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Moroccan newspaper says it is a victim of state-organized protests, Syrian journalist arrested over cartoons

(CPJ/IFEX) - The following is a CPJ press release:

Moroccan paper says it is a victim of state-organized protests over cartoons

New York, February 15, 2006 - The weekly Le Journal Hebdomadaire has accused Moroccan authorities of orchestrating protests against it for publishing a photograph of a French newspaper showing a cartoon of the Prophet Muhammad. The Casablanca-based newspaper said in a statement that for two days this week protesters have demonstrated against it and that two state-run television stations have accused it of blasphemy.

Le Journal publisher Aboubakr Jamai told CPJ that on February 11 the newspaper published an Agence France-Presse photograph showing a reader holding the edition of the Paris daily France Soir which reproduced the Danish cartoons of the Prophet. The cartoons were barely visible but to avoid controversy Le Journal inked out the cartoon. Le Journal published the photograph as part of a 10-page chronology of events that followed the publication of the drawings in Jyllands-Posten. The Danish daily published 12 cartoons of Muhammad on September 30, 2005 sparking furor in the Muslim world where depictions of the Prophet are considered by many to be blasphemous. One drawing showed Muhammad wearing a bomb-shaped turban with a lit fuse.

"We are alarmed that state-run media are publicly attacking this newspaper," said Ann Cooper, Executive Director of the Committee to Protect Journalists. "We are gravely concerned about the safety of Le Journal's staff, and call on the government to take steps to ensure their security."

Le Journal issued a detailed statement Tuesday about the protests and television coverage. It said state-run television stations 2M and TVM broadcast footage of hundreds of demonstrators shouting slogans against Le Journal on Monday outside Parliament. 2M accused the newspaper of "running against public opinion by taking up positions against the sacred values of our country."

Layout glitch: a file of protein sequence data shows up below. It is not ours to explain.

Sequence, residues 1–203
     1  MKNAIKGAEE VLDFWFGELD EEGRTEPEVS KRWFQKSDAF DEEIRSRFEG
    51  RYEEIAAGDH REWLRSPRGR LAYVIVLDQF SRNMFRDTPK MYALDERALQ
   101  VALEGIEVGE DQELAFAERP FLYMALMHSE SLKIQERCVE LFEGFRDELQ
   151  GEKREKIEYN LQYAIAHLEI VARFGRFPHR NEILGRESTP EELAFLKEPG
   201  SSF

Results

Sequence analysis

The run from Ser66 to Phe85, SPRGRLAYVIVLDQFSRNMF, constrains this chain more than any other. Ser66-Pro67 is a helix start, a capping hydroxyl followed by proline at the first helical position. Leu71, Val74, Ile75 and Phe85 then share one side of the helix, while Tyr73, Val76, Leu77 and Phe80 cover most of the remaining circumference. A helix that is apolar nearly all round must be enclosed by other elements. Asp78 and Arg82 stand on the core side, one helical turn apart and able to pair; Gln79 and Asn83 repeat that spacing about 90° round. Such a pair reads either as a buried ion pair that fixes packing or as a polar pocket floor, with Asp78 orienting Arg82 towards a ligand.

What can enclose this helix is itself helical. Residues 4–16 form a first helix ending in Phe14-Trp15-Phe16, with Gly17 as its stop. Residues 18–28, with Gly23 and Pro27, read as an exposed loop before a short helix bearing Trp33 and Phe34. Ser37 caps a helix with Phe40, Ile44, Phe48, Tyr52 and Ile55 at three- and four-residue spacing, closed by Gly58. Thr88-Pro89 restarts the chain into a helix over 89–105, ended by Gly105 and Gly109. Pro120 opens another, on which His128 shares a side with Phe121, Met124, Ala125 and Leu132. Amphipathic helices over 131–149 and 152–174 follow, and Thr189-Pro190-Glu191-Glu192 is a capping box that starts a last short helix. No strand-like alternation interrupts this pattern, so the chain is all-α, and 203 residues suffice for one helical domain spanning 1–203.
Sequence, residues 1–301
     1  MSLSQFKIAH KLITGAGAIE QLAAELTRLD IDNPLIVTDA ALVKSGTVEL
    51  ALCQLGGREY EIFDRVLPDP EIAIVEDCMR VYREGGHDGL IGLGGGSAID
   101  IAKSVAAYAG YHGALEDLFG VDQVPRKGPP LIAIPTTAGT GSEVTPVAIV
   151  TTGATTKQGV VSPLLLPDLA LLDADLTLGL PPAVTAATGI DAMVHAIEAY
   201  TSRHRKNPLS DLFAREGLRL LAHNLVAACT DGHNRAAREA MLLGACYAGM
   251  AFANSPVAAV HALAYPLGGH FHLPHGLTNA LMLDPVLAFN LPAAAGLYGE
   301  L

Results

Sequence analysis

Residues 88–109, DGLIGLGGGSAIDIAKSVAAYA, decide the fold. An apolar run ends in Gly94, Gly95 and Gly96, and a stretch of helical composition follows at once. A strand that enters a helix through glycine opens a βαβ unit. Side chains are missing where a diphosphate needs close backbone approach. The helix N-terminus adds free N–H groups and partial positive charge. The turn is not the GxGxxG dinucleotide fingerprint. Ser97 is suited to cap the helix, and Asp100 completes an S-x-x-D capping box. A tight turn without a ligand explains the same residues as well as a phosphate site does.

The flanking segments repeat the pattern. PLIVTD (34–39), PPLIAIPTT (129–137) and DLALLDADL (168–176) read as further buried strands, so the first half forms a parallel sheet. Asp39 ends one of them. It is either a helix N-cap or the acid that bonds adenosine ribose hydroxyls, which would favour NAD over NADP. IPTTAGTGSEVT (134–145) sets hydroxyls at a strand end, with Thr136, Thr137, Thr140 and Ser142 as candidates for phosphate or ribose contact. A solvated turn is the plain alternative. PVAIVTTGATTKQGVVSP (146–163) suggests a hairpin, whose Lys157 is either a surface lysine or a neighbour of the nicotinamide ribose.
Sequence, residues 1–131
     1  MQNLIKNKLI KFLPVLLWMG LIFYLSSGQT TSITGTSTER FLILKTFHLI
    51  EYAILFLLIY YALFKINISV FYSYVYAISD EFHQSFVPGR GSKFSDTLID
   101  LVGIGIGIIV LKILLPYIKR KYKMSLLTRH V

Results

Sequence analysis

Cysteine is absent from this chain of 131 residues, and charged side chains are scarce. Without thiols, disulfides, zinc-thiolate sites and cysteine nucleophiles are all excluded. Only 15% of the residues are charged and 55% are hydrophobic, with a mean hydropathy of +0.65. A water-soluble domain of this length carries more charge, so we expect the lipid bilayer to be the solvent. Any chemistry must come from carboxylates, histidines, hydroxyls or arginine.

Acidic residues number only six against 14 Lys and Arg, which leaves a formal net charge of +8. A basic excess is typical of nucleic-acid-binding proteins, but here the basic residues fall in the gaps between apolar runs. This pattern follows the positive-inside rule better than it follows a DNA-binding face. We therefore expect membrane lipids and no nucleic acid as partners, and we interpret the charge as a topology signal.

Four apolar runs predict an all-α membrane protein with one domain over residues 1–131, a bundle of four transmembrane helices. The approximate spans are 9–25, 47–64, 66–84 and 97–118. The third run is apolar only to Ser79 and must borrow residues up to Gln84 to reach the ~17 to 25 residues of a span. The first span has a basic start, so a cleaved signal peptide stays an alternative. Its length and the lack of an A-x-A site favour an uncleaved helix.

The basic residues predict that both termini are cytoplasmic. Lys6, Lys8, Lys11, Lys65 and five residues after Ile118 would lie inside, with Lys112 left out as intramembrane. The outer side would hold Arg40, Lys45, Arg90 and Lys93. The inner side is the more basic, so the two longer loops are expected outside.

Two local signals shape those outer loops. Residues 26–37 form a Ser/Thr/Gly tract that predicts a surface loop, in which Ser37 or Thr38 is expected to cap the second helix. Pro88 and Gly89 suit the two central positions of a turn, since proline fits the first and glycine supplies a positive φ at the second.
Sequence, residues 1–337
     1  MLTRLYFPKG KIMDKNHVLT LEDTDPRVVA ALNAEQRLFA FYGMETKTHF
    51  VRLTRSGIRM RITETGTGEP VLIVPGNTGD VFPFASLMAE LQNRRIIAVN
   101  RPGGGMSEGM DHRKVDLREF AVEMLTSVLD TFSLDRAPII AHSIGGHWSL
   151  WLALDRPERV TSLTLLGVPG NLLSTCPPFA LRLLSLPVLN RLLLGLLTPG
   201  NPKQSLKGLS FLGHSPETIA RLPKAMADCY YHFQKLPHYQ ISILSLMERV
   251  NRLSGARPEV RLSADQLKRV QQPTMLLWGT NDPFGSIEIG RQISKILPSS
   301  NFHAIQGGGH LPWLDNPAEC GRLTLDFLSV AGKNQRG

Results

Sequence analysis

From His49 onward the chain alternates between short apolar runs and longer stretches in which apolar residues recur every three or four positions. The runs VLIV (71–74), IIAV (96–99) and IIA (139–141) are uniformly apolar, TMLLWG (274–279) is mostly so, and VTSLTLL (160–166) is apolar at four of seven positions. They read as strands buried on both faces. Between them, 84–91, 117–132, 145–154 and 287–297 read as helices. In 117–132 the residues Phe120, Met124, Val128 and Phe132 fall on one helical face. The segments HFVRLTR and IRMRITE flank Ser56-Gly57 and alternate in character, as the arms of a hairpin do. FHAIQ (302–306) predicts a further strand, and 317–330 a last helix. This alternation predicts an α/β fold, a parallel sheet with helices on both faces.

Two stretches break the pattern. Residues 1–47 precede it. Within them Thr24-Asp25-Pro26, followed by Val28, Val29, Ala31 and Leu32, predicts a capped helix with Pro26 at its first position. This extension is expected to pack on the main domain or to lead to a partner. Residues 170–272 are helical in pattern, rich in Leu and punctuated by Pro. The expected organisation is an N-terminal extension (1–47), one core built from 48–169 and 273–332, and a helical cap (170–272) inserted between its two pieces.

On Tuesday, police set up an area for protesters outside Le Journal's offices. Under the supervision of the Interior Ministry, several vehicles, including a Hyundai van with the license plate 131723 J, belonging to the Casablanca city government, brought about a hundred people to demonstrate. Municipal employees gave them placards and Moroccan flags, the statement said.

Municipal employees used loudspeakers to shout slogans against the papers. Several people in the crowd told journalists that they were brought by the municipal authorities. One woman said that she came because the municipality would reward them, but that she didn't know what the demonstration was about. Television channels 2M and TVM filmed the demonstrations, the statement said.

"The allegations that the Moroccan authorities played a role in organizing these demonstrations are alarming. We demand that the government explain why municipal vehicles were shuttling protesters and why municipal employees were organizing the crowds against the paper," Cooper added.

The fallout from the cartoons continues throughout the Muslim world. In Syria, journalist Adel Mahfouz was arrested and charged by the Damascus prosecutor's office following an article he wrote advocating peaceful dialogue instead of violent protests as a means of dealing with the cartoons. According to news reports Mahfouz was arrested on February 7, hours after he published the article on the independent daily news Web site Rezgar. He was charged with insulting public religious sentiment under the penal code. If convicted, he faces up to three years imprisonment.

CPJ is a New York-based, independent, nonprofit organization that works to safeguard press freedom worldwide. For more information, visit http://www.cpj.org.

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